Updated from 10 a.m. EST
A five-year financial restatement and drastically reduced guidance couldn't keep
The video-game maker warned that the bookkeeping change -- combined with a handful of other problems affecting domestic and international operations -- would leave earnings for the current quarter and year well below analyst estimates. Even so, the stock shook off a weak open to surge 4% higher in midday trading, as many Wall Street analysts applauded what they saw as an increase in clarity.
"We view the restatements as necessary 'medicine' in order for the company to cure its SEC ills," Wedbush Morgan Securities analyst Michael Pachter wrote in a morning call note. "We think that satisfactory closure of the SEC matter is imminent, and believe the stock will offer a compelling entry point for investors this morning." Pachter has a buy rating, and the company is on his focus list; his firm hasn't done banking with Take-Two.
The accounting revisions come amid a
Securities and Exchange Commission
probe into Take-Two's revenue recognition policies that has turned the stock into one of the most bitterly contested long-short battlegrounds in the U.S. While the changes were detailed in a filing seeking an extra 15 days to file a year-end financial report with the SEC, some traders evidently saw the news as benign as it didn't require a more sweeping redesign.
Piper Jaffray analyst Anthony Gikas, another bull with an outperform rating, noted potential broader industry consequences of Take-Two's restatement, which involves the company's use of reserve accounts. "We view this as a positive catalyst for the group as it reduces the uncertainty of use of reserve accounts," Gikas wrote. "Historically, accounting for reserves have been perceived as a black hole with few details provided by publishers."
Take-Two is changing its revenue-recognition policies to move up the time at which it records reserves for discounts. The accounting change will affect the four fiscal years up to Oct. 31, 2002, and individual quarters of fiscal 2003, including the fourth quarter reported Dec. 18.
Per-share earnings in the year to October 2003 are expected to be lowered by 4 cents, while per-share earnings in the year to October 2002 should be raised by up to 3 cents a share. The company didn't detail the other revisions in the SEC filing announcing the changes.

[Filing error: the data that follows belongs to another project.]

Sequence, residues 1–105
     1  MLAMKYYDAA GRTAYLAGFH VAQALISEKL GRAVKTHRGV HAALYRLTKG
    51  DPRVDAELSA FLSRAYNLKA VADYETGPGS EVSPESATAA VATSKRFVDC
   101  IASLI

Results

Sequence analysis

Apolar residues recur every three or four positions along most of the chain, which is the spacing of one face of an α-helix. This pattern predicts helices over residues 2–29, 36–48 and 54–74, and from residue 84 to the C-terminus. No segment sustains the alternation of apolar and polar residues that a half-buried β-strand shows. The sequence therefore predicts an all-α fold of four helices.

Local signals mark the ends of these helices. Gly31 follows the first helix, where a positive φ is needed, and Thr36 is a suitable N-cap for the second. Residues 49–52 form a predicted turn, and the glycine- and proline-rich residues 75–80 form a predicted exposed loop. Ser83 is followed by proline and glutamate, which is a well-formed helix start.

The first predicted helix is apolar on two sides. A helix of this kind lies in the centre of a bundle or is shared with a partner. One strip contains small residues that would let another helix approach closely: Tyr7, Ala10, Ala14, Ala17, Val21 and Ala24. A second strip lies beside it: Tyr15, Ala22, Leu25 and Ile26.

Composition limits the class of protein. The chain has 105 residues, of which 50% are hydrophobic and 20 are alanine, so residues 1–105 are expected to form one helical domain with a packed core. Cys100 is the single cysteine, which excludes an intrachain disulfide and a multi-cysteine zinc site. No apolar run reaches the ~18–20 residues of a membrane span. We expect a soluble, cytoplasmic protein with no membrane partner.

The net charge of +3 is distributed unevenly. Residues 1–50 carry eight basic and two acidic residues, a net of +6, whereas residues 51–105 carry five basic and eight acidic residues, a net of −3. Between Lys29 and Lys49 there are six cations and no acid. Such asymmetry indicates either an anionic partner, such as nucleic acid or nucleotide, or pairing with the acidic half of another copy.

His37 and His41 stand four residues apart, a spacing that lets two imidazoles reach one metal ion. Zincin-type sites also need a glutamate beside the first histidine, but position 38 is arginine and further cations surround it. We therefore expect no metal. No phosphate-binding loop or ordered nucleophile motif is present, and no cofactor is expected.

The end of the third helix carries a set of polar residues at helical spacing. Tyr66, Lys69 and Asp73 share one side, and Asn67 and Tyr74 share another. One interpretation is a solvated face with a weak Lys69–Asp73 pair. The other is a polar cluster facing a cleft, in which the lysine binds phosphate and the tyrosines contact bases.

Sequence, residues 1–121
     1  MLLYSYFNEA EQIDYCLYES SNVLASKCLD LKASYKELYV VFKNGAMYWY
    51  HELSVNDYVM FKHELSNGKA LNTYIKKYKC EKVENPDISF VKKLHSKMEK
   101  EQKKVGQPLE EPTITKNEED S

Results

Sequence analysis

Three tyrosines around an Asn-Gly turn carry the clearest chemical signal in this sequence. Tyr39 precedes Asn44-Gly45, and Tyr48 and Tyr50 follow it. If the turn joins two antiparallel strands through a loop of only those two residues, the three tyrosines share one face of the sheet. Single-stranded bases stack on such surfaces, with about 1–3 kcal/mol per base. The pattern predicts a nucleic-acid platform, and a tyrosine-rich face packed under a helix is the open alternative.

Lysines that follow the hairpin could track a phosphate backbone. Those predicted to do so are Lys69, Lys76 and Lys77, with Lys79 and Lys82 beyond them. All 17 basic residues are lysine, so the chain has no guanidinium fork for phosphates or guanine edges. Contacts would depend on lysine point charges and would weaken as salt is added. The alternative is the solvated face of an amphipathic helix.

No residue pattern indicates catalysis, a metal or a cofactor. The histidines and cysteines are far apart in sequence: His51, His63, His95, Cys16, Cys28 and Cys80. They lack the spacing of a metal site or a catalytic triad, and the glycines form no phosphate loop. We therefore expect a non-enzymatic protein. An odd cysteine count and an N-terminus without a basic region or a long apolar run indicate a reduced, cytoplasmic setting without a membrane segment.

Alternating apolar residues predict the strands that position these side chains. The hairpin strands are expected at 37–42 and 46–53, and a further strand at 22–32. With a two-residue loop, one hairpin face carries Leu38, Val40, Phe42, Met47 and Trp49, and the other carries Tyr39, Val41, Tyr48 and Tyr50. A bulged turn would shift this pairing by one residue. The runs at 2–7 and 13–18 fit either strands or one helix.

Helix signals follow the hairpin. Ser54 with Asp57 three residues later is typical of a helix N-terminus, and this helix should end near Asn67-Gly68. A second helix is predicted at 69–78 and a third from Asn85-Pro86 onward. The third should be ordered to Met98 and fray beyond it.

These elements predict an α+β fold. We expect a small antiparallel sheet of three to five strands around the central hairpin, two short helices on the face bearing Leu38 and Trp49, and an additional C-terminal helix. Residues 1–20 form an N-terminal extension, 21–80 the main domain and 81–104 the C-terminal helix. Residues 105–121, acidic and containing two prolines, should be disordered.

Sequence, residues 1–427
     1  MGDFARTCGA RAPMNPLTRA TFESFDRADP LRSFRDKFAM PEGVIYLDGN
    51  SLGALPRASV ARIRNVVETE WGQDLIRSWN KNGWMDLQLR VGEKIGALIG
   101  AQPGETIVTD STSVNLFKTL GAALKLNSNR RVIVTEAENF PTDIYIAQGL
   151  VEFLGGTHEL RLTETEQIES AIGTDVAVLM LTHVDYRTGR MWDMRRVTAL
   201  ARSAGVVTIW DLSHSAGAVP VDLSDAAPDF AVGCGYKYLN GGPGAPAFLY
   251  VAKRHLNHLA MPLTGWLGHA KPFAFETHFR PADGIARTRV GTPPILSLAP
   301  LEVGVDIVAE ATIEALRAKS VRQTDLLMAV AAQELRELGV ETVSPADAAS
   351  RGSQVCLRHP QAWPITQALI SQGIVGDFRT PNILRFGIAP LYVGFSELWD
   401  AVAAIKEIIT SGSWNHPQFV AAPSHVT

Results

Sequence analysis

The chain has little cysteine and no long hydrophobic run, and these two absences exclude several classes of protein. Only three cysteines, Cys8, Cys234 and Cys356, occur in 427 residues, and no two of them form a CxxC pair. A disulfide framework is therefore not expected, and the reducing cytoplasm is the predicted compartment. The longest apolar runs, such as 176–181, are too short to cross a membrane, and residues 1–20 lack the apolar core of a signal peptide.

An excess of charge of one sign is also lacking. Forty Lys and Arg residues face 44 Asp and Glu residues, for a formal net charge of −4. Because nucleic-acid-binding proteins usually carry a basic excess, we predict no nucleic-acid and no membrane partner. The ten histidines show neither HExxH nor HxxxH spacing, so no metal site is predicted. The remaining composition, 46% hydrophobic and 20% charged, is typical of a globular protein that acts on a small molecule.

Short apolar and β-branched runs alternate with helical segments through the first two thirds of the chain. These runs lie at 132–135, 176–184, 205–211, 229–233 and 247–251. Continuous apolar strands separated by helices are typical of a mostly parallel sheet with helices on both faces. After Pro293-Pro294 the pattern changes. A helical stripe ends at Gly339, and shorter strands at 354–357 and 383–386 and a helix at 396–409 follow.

The company also slashed guidance for coming periods. Take-Two expects to earn 70 cents a share in the first quarter on sales of $385 million. The company and Wall Street analysts had been calling for earnings of $1.10 a share on sales of $412 million, according to Thomson One Analytics.
Besides the accounting issues, Take-Two said the new guidance reflected the shift into the second quarter from the first of the majority of European shipments for a video game called
for Xbox; unanticipated weakness in its North American publishing business around Christmas and into January; continued disappointing sales of
Max Payne 2
; bad debt expense related to the bankruptcy of KB Toys; and expenses related to the cancellation of two products in development.
For the second quarter, Take-Two expects to earn 39 cents a share on sales of $220 million, compared to a previous forecast of 41 cents a share on sales of $218 million. For the year it expects to earn $2.45 a share on sales of $1.22 billion, compared to a previous forecast of $2.60 on $1.18 billion.
"We are disappointed that our fiscal 2004 results will not meet our prior expectations," the company said Monday. "However, we remain confident in the long-term performance of our business and, in particular, the release of the next installment of the
Grand Theft Auto
franchise in our fourth quarter."
After dipping as much as $2.10 early Monday, the shares rose steadily throughout the session and at midday were up $1.08 at $30.08. The news comes on the heels of a Friday evening SEC filing that seemed to indicate a five-year revenue restatement would be less painful than previously believed.
American Technology Research analyst P.J. McNealy offered perhaps the best explanation of the controversy with reserve accounting. In the past, Take-Two recognized revenue when a game was shipped to a retailer, with the full retail price of the game recognized and no reserve to account for a future price reduction. When a game price was later reduced, a company such as Take-Two would then rebate the retailer the amount of the discount, which meant taking the reserve in a later quarter.
Under its new program, Take-Two will take reserves for estimated price concessions at the time of sale, resulting in the shift of revenue and earnings changes. (McNealy has a buy rating on Take-Two and his firm has no banking relationship with the company.)
But Dougherty & Co. analyst Paul Kaump was less optimistic about the SEC investigation coming to a close soon and more critical of Take-Two's latest move. "We are somewhat mystified as to how the company, after performing an extensive audit and forensic accounting exercise, can once again restate its historic numbers -- in some cases for the third time," wrote Kaump, who reiterated his neutral rating and said he believes the stock's discount to peers is warranted. (His firm hasn't done banking with Take-Two.)
"We do not view this announcement as a sign that the SEC investigation is necessarily reaching a conclusion," he wrote.